ORANGE AND CRANBERRY MACARONS
(from the Bewitching Kitchen)

1 recipe from basic method

For filling:
160g powdered sugar
57g unsalted butter, softened (4 tablespoons)
1/2 teaspoon orange extract extract
zest of half a large orange
pinch of salt
heavy cream or milk to adjust consistency, if needed
cranberry relish or jam (I used store-bought)

Make the macarons using orange gel food color.

For the filling, use a hand-held electric mixer and whisk the butter until creamy. Add the powdered sugar, orange extract, zest and salt. Whisk in low-speed at first, the increase speed and whisk until creamy and smooth. If needed, add a very small amount of milk or heavy cream.

Fill shells with a small dollop of cranberry jam in the center, surround it with a circle of orange buttercream. Decorate with Royal icing or air brushing, if so desired.

Leave macarons in fridge overnight to mature.

ENJOY!

to print the recipe, click here

For these macarons, I used two different styles of decoration, one with Royal icing concentric swirl, and another in which I sprayed the two sides of the shells with coral and orange dyes, trying to mimic the colors associated with the two flavors. Some candy melt drizzle and sprinkles for good measure…

I loved this combination of flavors, cranberry and orange is a real classic, so I highly recommend you try this one.

EGGNOG MACARONS
(filling from The Jam Lab)

1 recipe from basic method

For the filling:
4 tbsp unsalted butter, room temperature
½ teaspoon salt
½ teaspoon freshly grated nutmeg
2 tablespoons rum extract (or rum if you don’t mind the alcohol)
2 tablespoons heavy cream
3 ½ cups to 4 cups powdered sugar

Make macaron shells and dye with green gel color.

For the filling, use a hand-held electric mixer and whisk the butter until creamy. Add the powdered sugar, salt, spices and flavoring. Whisk in low-speed at first, the increase speed and whisk until creamy and smooth. Add heavy cream until the consistency is right for piping. Assemble shells with the filling, if desired you can air-brush with gold details using a stencil.

Keep the macarons in the fridge overnight before serving.

ENJOY!

to print the recipe, click here

Comments: Most recipes that call for eggnog use “the real thing” added to buttercream. We don’t drink eggnog, so I did not want to buy a big carton that would sit in the fridge. This recipe from JamLab is perfect. I used rum extract because my macarons are donated and alcohol is not allowed. If you want to do as I did, I recommend this extract.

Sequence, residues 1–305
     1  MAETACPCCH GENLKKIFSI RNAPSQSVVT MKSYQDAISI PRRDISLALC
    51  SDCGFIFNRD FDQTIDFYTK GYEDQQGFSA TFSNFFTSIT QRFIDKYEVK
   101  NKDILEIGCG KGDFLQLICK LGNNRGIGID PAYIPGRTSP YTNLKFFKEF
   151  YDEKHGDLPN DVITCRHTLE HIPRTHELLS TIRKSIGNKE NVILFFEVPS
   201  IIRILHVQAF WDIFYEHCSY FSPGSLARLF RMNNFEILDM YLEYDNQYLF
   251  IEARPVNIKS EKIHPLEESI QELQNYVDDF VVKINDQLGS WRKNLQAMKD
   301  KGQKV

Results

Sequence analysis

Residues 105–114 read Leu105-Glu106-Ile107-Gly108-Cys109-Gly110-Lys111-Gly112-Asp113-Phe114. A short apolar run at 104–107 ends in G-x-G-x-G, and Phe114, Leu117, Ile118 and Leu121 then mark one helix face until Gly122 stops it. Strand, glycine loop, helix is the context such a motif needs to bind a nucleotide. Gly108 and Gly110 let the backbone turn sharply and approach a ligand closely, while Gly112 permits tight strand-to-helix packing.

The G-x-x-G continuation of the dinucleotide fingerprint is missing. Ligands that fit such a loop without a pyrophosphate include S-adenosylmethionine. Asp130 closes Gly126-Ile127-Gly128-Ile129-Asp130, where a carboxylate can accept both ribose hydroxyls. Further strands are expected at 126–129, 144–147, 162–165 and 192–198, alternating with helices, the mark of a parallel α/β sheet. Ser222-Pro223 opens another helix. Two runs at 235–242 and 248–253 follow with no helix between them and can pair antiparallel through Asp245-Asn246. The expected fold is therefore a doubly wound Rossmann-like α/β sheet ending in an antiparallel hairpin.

GINGERBREAD MACARONS
(filling from Pies and Tacos)

for the filling:
160g powdered sugar
57g unsalted butter, softened
1/2 teaspoon vanilla extract
1 teaspoon molasses
1/4 teaspoon ground ginger
1/4 teaspoon ground cinnamon
1/4 teaspoon nutmeg
milk or heavy cream if needed

Make the shells and use a caramel food dye to color the batter.

For the filling, cream butter using a hand-held electric mixer until very creamy. Add the sugar, spices and flavoring, keep whisking at low-speed at first, then increase the speed. If needed, adjust consistency with heavy cream or milk.

Pipe filling on shells, and decorate with a band of gold luster. Stick little gingerbread-shaped sprinkles using small dots of royal icing. Leave macarons in the fridge overnight before serving.

ENJOY!

to print the recipe, click here

Comments: I loved the flavor of this filling. As to the decoration, I quickly realized that even if the gingerbread men looked quite cute on the shell, glueing them did not bring me joy. They are so delicate, and it was quite labor-intensive to adjust them with tweezers on top of the icing. I made a few and then switched to plan B. There is a limit to my Zen.

Of all the macarons from this post, the one that got the highest praise was…… drum roll…. drum roll….. the EGGNOG! I was surprised by how many of the testers said it was maybe the best ever from all the ones I’ve shared over the past few months.

I hope you enjoyed this series, featuring one of the concoctions I love to bake the most… Stay tuned for the final post on Holiday Cookies, in which I’ll feature Springerle.

ONE YEAR AGO: The Great American Baking Show

TWO YEARS AGO: Broccoli Souffle

THREE YEARS AGO: Panettone Time!

FOUR YEARS AGO: How the Mighty Have Fallen

FIVE YEARS AGO: Festive Night at Central

SIX YEAR AGO: The Perfect Boiled Egg

SEVEN YEARS AGO: Light Rye Sourdough with Cumin and Orange

EIGHT YEARS AGO: Homemade Calzones

NINE YEARS AGO: Plum-Glazed Duck Breasts

TEN YEARS AGO: Holiday Double-Decker

ELEVEN YEARS AGO: New York Deli Rye


9 thoughts on “COOKIES FOR THE HOLIDAYS: MACARONS

    • you are too kind! I am just having fun trying different things, I get inspired by people who are TONS better than me, what they can do with shapes is just unreal, I struggle and most of my alternative shapes are not good – but I keep trying

      Liked by 1 person